According to British researchers, tall men and thin women are most likely to make the big bucks. Meanwhile, they found evidence to suggest overweight workers, especially women, are likely to get paid less. Still, sociologist Amy Blackstone says companies probably aren’t intentionally penalizing employees based on height and weight.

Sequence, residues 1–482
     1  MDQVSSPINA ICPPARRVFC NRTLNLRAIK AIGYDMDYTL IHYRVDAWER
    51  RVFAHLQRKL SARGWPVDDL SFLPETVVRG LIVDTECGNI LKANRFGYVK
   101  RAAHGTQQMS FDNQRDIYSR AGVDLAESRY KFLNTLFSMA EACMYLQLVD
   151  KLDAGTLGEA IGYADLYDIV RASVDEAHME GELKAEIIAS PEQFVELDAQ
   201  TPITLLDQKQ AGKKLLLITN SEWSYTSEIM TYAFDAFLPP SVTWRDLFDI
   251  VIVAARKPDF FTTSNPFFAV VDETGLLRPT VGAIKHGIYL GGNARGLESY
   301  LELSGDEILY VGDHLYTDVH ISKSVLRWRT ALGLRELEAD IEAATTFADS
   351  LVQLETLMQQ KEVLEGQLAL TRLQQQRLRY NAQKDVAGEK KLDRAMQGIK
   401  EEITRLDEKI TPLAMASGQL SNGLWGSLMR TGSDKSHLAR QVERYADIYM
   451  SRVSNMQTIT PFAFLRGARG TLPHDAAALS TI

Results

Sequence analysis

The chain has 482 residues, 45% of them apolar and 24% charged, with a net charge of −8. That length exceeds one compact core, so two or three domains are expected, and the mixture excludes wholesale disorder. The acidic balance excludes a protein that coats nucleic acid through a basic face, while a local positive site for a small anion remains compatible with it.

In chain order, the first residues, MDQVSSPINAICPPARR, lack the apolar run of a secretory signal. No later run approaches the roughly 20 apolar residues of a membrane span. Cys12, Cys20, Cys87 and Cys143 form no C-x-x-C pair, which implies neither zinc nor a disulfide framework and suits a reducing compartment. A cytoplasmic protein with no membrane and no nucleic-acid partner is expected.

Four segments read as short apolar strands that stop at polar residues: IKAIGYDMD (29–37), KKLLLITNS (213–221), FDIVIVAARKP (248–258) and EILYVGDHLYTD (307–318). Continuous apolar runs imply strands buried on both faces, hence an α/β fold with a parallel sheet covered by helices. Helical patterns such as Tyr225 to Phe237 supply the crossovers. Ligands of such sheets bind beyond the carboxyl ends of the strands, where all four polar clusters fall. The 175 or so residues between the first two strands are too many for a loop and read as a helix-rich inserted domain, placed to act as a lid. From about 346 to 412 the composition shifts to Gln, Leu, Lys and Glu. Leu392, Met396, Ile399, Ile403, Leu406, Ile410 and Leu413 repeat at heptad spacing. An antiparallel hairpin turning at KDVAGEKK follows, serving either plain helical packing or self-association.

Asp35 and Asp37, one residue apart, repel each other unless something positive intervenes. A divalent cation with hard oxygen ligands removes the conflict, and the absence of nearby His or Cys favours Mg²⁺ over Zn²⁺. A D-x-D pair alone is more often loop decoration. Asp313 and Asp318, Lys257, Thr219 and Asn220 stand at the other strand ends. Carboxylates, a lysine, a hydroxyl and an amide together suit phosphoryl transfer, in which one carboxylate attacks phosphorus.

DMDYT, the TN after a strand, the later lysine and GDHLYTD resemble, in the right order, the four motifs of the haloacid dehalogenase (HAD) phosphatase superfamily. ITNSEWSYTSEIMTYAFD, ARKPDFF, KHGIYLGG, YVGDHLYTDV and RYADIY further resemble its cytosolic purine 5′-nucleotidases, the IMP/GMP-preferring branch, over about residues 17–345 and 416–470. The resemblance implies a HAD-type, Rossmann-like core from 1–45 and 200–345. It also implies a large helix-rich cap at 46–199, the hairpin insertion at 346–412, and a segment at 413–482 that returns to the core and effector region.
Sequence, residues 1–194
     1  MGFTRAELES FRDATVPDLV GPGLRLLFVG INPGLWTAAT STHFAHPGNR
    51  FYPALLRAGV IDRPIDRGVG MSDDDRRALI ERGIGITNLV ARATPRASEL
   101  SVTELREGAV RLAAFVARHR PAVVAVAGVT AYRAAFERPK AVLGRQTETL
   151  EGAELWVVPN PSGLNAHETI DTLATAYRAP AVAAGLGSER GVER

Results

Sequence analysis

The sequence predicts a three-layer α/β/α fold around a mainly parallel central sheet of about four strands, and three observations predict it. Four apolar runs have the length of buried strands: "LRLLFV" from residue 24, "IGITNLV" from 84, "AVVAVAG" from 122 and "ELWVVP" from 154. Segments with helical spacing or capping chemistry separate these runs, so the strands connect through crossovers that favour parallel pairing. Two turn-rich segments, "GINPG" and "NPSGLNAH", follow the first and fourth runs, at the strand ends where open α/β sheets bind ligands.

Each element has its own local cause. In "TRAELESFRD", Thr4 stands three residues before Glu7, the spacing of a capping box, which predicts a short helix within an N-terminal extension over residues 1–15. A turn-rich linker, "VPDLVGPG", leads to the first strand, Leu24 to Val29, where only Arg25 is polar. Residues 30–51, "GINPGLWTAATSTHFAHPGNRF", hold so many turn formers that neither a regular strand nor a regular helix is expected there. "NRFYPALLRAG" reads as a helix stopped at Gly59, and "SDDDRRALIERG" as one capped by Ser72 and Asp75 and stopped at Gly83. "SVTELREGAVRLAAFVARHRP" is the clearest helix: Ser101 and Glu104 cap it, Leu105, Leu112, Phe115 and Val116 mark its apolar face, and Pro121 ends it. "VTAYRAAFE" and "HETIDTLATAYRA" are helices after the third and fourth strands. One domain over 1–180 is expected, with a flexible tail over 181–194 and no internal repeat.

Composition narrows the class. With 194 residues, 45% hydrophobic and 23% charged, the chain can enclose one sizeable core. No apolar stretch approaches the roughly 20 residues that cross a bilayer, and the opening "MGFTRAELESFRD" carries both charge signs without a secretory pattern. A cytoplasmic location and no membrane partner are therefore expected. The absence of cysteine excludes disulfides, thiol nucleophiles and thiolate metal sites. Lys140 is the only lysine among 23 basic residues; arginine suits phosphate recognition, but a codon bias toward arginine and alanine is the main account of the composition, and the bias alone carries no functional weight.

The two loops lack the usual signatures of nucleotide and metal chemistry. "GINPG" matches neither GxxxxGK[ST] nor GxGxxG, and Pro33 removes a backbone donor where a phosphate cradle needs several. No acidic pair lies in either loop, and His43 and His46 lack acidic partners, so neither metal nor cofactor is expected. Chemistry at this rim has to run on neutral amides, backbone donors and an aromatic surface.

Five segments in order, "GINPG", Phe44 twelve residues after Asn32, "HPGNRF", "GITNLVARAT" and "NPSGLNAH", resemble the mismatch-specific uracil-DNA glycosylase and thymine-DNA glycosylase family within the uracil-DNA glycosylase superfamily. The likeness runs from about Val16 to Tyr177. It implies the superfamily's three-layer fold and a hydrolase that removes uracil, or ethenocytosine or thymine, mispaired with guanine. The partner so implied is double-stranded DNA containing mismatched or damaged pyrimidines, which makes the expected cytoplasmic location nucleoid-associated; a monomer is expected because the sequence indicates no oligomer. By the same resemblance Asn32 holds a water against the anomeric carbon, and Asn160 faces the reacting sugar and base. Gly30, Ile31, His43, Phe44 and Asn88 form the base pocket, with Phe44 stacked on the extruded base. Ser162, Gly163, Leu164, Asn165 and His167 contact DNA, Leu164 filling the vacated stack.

In an interview with Broadly, Blackstone points to gender biases that extend beyond the workplace. Culturally, Americans associate thinness with beauty and self-discipline in women and tallness with authority for men. “For women, being thin means taking up less space, something that is expected of women both literally and symbolically,” Blackstone says. Thus, it’s no surprise that pay reflects societal views about gender, power, and the body. Nor is it a surprise that other gender inequalities make their way into work spaces, like limitations on contraception coverage in employer provided health care and a lack of paid maternity leave. As contributing editor Diana Tourjee points out, “paying certain men and women less in relation to the way they look is obviously disturbing, but worse is the realization that this data is part of a broader system of oppression that structures the lived experiences of us all.”